SMART on FHIR: Part 1

With the 7th connectathon coming up, we’ve looked at the first scenario (Patient access) in a couple of posts and how we can use a couple of the libraries (.net and java) to make this almost trivial to achieve. (btw you don’t have to use these libraries of course – FHIR by itself uses standard technologies so there are a ton of different ways to do this if you already have the technology to do so, or use a different language).

In this post we’re going to take a look at the 3rd connectathon scenario – SMART on FHIR. There’s a lot of information about what this is trying to achieve (the connectathon site has links) so we won’t repeat that here – the ‘elevator pitch’ is that it establishes standards that enable the development of independent applications that can securely access data in any server supporting those standards – this could be an EHR, EMR, Portal or HIE.

We’ll start by implementing a basic server, and substantially follow the path described in the quickstart guide, so you might want to review that as well if you are going to do the same. In particular we’ll first create an unprotected server (just to get all the bits working) and then add security to it.

So the scenario is that we are an EMR system, and want to allow our users to be able to use the cool growth chart application hosted by the SMART team. (There’s a whole separate discussion on building and deploying SMART applications that we’ll talk about at some future date).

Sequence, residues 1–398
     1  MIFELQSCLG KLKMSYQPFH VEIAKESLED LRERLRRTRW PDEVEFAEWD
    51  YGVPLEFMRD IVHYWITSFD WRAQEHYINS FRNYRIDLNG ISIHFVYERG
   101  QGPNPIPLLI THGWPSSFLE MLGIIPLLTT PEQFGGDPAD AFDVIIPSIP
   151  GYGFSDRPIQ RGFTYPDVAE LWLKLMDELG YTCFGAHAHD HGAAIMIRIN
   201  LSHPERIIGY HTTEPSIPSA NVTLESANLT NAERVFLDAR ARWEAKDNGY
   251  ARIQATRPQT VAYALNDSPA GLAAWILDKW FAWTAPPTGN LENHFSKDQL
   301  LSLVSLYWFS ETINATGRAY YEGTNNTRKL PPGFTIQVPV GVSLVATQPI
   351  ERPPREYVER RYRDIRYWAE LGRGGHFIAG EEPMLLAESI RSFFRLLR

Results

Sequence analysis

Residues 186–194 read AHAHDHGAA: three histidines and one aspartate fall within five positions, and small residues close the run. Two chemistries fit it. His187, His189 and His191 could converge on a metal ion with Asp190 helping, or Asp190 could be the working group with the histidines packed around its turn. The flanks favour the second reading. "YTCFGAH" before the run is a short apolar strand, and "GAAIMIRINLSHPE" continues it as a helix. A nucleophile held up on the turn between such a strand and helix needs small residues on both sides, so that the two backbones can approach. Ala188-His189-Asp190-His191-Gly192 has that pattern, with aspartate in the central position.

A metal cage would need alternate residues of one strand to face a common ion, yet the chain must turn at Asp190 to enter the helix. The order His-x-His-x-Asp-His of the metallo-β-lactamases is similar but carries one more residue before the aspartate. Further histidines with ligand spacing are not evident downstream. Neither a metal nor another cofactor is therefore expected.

What will happen is that on our EMR interface (which is web based  – though could also be a desktop client) we’ll add a button that says “View Growth Charts”. When the user clicks on that:

  1. We’ll add an iFrame to the page, and point it at the launch page for the Growth Chart application. The URL we use will contain parameters for the patient ID, and also the location where we expose the data needed by the application (the FHIR endpoints for Patient and Observation).
  2. The launch page will load in our iFrame, and then make a couple of ajax calls to our FHIR endpoints to retrieve the data it needs. (This is the part we need to secure of course).
  3. Using that data, it can then perform whatever functionality it needs – which could, potentially, involve writing data back to our server if we support that.

So for this post we will need to build:

  • An HTML page that emulates the EMR (with the ‘Launch Button’)
  • A FHIR Patient endpoint that returns demographics about the patient
  • A FHIR Observation endpoint that returns the observations (height, weight & BMI).

The HTML page is easy – here’s the relevant HTML code (using jquery with some hard coded values).


  $(document).ready(function(){
        //the url to launch the app (hardcoded patientID, and local server)
        var url = "https://fhir.smartplatforms.org/apps/growth-chart/launch.html?;
        url += "fhirServiceUrl=http://localhost:8080/fhir";
        url += "&patientId=100&";
        //var iframe = ""; // this line should contain the html for an iframe, if wordpress would allow it...
        //the jQuery handler to create an iFrame and launch the app in it
        $("#launchApp").on('click',function(){
          //$('#launchFrameDiv').append(iframe);
          $("#launchIframe").attr("src",url);
        })
  });

(In case you’re wondering why the code above isn’t dynamically inserting an iframe as I said it would, it’s because my stupid blogging platform keeps on removing the line every time I save the page! So, for this to work you’ll either need to have an iframe in the page with an ID of “launchIframe”, or insert it dynamically. grrrr….)